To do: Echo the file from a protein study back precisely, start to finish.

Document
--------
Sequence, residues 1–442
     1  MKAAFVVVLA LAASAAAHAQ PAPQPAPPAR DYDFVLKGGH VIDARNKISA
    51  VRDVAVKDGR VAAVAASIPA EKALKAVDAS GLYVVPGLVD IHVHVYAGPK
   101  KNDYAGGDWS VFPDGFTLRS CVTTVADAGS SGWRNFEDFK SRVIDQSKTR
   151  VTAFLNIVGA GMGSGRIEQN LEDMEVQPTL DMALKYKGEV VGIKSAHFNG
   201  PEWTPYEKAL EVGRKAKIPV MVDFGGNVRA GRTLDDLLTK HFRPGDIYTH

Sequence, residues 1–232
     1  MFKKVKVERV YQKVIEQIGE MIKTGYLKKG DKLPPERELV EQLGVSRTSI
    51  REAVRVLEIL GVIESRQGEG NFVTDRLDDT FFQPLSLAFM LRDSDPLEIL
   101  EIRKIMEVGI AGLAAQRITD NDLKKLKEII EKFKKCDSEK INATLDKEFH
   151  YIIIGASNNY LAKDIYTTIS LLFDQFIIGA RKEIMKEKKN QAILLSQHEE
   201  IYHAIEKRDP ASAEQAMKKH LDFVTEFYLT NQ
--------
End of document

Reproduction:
Sequence, residues 1–442
     1  MKAAFVVVLA LAASAAAHAQ PAPQPAPPAR DYDFVLKGGH VIDARNKISA
    51  VRDVAVKDGR VAAVAASIPA EKALKAVDAS GLYVVPGLVD IHVHVYAGPK
   101  KNDYAGGDWS VFPDGFTLRS CVTTVADAGS SGWRNFEDFK SRVIDQSKTR
   151  VTAFLNIVGA GMGSGRIEQN LEDMEVQPTL DMALKYKGEV VGIKSAHFNG
   201  PEWTPYEKAL EVGRKAKIPV MVDFGGNVRA GRTLDDLLTK HFRPGDIYTH

Sequence, residues 1–232
     1  MFKKVKVERV YQKVIEQIGE MIKTGYLKKG DKLPPERELV EQLGVSRTSI
    51  REAVRVLEIL GVIESRQGEG NFVTDRLDDT FFQPLSLAFM LRDSDPLEIL
   101  EIRKIMEVGI AGLAAQRITD NDLKKLKEII EKFKKCDSEK INATLDKEFH
   151  YIIIGASNNY LAKDIYTTIS LLFDQFIIGA RKEIMKEKKN QAILLSQHEE
   201  IYHAIEKRDP ASAEQAMKKH LDFVTEFYLT NQ